• Ultrasound- Ultrasound is the imaging procedure that uses sound waves to form images of the organs. Although a CT scan is the first diagnosis choice, an ultrasound might be performed if the condition's clinical presentation is indistinct. Acute infarction appears as an absence of blood supply on color doppler examination. If the whole kidney is involved, there will be a complete absence of blood supply, or it can vary if a few blood vessels are involved. The lack of blood flow can also be detected in renal blood vessels. Contrast-enhanced ultrasound is an ultrasound that uses dyes or contrast media to detect the anomaly and can confirm the diagnosis. The infarcts or blockages appear as wedge-shaped areas of no blood supply.

How Is Kidney Infarction Treated?

The treatment of kidney infarction depends upon the cause. Restoring the blood flow can be difficult if the renal blood vessel is completely blocked. Endovascular treatment can save the kidneys if the patient is on the edge of kidney failure. The treatment plans include the following:

  • Anticoagulation- This treatment inhibits blood clot formation within the blood vessels. This is a treatment choice if the infarction is due to a displaced blood clot. The therapy begins with the drug heparin, followed by warfarin.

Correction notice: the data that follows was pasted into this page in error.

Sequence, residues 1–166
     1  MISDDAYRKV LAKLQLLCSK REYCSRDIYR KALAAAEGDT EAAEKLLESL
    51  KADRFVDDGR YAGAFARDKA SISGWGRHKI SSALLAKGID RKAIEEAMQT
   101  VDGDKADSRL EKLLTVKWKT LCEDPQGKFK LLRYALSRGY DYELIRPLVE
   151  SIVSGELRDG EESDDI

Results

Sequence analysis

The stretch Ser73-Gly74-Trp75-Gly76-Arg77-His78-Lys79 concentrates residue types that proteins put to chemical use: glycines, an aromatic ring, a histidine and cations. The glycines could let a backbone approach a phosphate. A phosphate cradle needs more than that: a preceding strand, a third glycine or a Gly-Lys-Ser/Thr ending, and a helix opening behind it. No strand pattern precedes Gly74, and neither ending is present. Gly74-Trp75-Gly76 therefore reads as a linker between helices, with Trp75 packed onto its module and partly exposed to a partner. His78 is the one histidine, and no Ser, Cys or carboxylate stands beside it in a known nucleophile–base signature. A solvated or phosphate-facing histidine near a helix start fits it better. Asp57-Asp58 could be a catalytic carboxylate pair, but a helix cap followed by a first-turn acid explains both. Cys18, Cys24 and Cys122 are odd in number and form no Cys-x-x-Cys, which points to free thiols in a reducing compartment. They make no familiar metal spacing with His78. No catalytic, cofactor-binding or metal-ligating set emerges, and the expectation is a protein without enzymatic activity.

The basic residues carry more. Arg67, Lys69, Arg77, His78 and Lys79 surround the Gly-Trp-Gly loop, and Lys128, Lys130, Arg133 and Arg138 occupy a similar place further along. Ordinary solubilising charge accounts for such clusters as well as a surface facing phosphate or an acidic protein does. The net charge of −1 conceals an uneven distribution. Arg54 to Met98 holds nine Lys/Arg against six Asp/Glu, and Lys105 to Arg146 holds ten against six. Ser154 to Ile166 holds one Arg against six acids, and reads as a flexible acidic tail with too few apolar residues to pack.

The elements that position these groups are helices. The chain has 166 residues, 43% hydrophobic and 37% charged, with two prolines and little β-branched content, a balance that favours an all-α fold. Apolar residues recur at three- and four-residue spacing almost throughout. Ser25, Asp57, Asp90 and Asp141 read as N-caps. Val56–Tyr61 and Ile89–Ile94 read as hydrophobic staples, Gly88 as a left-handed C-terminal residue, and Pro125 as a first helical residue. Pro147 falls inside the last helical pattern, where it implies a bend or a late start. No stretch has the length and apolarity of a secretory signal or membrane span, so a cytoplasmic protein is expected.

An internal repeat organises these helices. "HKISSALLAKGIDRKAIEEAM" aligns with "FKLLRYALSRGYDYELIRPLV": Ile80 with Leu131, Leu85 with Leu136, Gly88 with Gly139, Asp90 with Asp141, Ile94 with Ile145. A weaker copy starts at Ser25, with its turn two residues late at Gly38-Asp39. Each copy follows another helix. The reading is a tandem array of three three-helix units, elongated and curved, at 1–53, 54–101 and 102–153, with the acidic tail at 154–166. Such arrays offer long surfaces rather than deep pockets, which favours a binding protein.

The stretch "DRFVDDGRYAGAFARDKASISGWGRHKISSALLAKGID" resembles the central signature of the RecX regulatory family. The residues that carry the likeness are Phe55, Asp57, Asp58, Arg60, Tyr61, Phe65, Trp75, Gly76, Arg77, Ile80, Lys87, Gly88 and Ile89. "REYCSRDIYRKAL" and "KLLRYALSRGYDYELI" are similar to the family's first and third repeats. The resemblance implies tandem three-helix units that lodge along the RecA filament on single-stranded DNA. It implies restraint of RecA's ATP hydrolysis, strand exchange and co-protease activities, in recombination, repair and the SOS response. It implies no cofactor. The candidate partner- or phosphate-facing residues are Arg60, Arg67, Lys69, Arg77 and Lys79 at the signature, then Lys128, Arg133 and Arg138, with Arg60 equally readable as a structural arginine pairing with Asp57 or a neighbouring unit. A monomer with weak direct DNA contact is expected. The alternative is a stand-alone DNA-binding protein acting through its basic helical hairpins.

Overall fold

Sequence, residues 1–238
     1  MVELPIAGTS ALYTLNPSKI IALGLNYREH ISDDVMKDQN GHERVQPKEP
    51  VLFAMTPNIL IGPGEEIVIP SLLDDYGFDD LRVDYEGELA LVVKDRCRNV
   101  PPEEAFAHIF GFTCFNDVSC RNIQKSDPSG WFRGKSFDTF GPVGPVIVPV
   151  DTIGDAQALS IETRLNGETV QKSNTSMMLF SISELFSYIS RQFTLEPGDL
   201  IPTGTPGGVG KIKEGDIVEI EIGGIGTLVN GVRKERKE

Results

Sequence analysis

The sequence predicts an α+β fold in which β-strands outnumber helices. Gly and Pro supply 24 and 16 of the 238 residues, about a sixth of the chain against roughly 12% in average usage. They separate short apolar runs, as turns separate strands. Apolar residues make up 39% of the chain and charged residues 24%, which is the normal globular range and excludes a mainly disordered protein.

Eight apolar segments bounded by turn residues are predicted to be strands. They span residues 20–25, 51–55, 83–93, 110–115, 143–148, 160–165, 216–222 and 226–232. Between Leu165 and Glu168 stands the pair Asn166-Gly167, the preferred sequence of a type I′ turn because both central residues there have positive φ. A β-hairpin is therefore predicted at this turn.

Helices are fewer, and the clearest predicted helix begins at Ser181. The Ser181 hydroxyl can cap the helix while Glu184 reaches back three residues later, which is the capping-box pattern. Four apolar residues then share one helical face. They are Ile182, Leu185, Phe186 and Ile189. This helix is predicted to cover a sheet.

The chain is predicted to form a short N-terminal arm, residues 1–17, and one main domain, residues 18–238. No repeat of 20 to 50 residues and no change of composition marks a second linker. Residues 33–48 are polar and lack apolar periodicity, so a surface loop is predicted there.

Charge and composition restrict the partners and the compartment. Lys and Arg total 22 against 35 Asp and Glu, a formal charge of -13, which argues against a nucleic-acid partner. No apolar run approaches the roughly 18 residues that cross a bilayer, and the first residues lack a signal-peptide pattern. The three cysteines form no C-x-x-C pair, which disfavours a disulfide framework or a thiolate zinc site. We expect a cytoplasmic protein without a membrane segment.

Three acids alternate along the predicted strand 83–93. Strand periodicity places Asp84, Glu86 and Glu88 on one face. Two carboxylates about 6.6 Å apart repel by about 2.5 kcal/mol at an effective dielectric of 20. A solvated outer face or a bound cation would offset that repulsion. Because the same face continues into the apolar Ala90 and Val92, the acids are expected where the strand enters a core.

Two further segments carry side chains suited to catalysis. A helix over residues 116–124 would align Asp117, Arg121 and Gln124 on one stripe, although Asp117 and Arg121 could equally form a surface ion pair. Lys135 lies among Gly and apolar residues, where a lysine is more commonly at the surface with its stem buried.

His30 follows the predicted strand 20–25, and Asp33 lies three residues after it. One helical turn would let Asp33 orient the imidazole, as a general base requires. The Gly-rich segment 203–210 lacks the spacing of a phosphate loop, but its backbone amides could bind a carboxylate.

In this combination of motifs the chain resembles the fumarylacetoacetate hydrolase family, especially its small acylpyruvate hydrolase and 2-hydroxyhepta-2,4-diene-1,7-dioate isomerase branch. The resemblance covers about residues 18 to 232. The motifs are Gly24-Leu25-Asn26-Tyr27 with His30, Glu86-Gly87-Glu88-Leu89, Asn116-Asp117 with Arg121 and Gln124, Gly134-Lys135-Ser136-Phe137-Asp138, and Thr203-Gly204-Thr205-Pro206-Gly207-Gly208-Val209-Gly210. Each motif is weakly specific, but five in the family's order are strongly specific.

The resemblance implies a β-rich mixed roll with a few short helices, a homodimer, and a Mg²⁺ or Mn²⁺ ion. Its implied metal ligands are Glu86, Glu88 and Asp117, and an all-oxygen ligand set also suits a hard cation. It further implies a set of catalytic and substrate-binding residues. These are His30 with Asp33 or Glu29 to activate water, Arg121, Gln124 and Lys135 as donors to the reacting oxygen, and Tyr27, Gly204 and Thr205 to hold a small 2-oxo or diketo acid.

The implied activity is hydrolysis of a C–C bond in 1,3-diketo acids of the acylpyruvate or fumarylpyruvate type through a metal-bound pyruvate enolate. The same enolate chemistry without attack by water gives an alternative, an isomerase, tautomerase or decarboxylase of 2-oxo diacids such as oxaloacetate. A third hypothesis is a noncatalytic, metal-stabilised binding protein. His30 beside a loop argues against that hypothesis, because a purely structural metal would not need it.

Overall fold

• Endovascular Treatment- This is the most effective treatment modality. This treatment involves the use of a catheter to remove the cause of blockage within the blood vessels. If the main artery of the kidney is infarcted for not more than two days, then endovascular therapy is carried out to remove the blockage. If the individual has high blood pressure, then the blood pressure should be normalized with drugs such as ACE (angiotensin-converting enzyme) inhibitors or angiotensin receptor blockers.

  • Open Surgery- Surgery is generally performed in individuals who develop infarction due to significant kidney injury.

Conclusion

Kidney infarction is a rare condition where the kidney blood vessels get blocked, causing less or no blood flow to the kidney tissues, leading to death. The symptoms are often similar to kidney stones and other kidney diseases. Early diagnosis and treatment are important in preventing further kidney damage. The prognosis of the treatment is suitable if diagnosed early.

Frequently Asked Questions

1.

What Is Kidney Infarction?

An interruption in the blood supply to the whole or a part of the kidney is called Renal Infarction. The main reasons for infarction in the kidney are thromboembolism and thrombi in situ. A thrombus or a clot in the heart can develop into a thromboembolic. An injury to the renal artery can cause a thrombi in situ.